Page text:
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Obama stumps at our expense

Scott A. Coffina is a former associate counsel to President George W. Bush and former assistant U.S. attorney now in private practice in Philadelphia

Scott A. Coffina

is a former associate counsel to President George W. Bush and former assistant U.S. attorney now in private practice in Philadelphia

President Obama recently became the new presidential champion for trips to battleground states in the year before an election.

According to the Wall Street Journal, Obama's recent visit to Scranton was his 56th such trip of 2011. It was his eighth visit to Pennsylvania this year, and the 16th of his presidency.

Unfortunately, the taxpayers are paying for what amount to campaign stump speeches under the guise of "official" events promoting the president's jobs bill. Consider his remarks in Scranton.

At this rally, er, speech, the president trashed Republicans for "blocking" his proposed American Jobs Act, while touting his own accomplishments, such as recent announcements on mortgage refinancing, student loans, and job training for veterans. He even reminded his friendly audience that "since I've taken office, I've cut your taxes."

For any president running for reelection, there is not always a clear line between politics and policy, and he is entitled to a degree of deference in classifying his public events. Nevertheless, federal law prohibits the use of taxpayer money for political activity, which is defined as activity directed toward the success or failure of a candidate for partisan political office.

Recently, the U.S. Office of Special Counsel issued guidance for classifying political and official activities, and the Department of Justice wrote an authoritative legal opinion in 1982 that is specific to the allocation of costs for presidential travel. The DOJ opinion states that, generally, if the purpose of an event is to promote the partisan aims of a candidate, then expenses are political in character. The OSC also considers the motivation for an event, as well as the nature of the official's remarks, among other factors.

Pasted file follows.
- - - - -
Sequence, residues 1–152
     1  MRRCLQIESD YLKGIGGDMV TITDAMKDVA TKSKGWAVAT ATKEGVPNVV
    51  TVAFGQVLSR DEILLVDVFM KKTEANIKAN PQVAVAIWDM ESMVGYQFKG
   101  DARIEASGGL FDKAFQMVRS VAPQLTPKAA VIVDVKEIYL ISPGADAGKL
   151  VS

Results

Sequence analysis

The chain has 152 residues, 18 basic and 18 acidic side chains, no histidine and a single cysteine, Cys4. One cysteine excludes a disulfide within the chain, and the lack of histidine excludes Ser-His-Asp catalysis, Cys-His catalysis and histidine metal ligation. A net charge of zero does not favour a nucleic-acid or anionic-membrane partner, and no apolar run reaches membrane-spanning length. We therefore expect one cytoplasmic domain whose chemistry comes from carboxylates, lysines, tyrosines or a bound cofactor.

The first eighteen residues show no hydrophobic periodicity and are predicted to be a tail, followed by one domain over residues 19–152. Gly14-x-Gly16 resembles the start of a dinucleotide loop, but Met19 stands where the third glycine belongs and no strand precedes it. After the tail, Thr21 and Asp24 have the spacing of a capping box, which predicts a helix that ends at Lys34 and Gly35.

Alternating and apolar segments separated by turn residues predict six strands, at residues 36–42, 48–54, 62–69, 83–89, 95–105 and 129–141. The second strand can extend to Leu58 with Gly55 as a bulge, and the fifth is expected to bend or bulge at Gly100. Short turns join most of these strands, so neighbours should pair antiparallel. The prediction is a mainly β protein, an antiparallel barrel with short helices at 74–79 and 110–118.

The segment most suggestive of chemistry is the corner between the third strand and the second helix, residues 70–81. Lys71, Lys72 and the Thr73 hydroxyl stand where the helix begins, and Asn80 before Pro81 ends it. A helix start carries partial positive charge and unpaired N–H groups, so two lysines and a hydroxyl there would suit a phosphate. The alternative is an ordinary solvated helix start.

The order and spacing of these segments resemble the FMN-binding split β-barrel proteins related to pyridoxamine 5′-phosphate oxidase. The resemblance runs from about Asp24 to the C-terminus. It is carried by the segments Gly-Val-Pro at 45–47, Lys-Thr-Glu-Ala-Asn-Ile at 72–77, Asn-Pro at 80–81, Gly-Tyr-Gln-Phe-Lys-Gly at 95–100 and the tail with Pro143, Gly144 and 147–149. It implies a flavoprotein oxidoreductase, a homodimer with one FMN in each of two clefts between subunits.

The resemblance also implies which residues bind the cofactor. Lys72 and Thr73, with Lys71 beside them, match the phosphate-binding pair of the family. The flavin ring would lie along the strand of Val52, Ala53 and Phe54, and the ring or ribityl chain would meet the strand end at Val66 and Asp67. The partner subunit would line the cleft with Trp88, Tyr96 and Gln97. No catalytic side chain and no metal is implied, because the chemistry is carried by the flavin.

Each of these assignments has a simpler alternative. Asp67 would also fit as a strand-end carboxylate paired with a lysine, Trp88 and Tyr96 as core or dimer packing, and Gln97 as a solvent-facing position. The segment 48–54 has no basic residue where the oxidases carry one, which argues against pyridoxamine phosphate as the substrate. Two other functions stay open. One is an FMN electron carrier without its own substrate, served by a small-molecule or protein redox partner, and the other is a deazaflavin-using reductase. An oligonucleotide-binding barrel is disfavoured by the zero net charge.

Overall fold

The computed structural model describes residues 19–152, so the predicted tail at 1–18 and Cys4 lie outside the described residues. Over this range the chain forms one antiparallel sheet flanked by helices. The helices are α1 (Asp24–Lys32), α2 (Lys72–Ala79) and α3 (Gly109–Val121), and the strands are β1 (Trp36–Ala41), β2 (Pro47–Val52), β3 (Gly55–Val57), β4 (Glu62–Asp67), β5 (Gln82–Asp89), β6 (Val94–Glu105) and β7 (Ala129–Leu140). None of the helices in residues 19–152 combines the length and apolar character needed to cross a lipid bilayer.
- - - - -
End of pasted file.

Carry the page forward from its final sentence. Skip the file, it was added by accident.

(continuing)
Under these standards, Obama's jobs speech in Scranton raises serious questions. For instance:

Were these events - or any of the 56 events in battleground states in 2011 - intended to further the president's reelection campaign?

Did the idea for these trips originate with the reelection campaign, or with the White House policy office responsible for generating support for the jobs bill?

Was the trip to Scranton scheduled before the three political fund-raisers the president attended in New York City that same day, or was the "official" event tacked onto a political trip?

Why did the White House choose to visit the political battleground of Pennsylvania to deliver this message, as opposed to, say, New York, where the president was already going to be that day?

In January, the OSC issued a report that was highly critical of the Bush administration for what it determined were misclassified official activities by high-level officials during the 2006 election cycle.

In one case, the OSC cited a grant announcement as improperly classified as an official event because of evidence that it was held in California in order to help two candidates running for reelection. It disputed the classification of another trip as official because the participating administration official understood that she was helping an incumbent, even though the OSC leveled no criticism of how the event itself was conducted.

Finally, the OSC criticized another "official" event because the participating cabinet official acknowledged the House member in whose district it occurred (who was in attendance) as "a strong and effective advocate for your interests in the Congress" - not unlike Obama's describing Bob Casey, up for reelection next year but absent from the Scranton event, as a "great senator."

Can the White House distinguish the president's "official" jobs speeches from the Bush administration events that were criticized? The OSC, the Federal Election Commission, or the House Oversight Committee ought to find out, before more taxpayer money is misspent.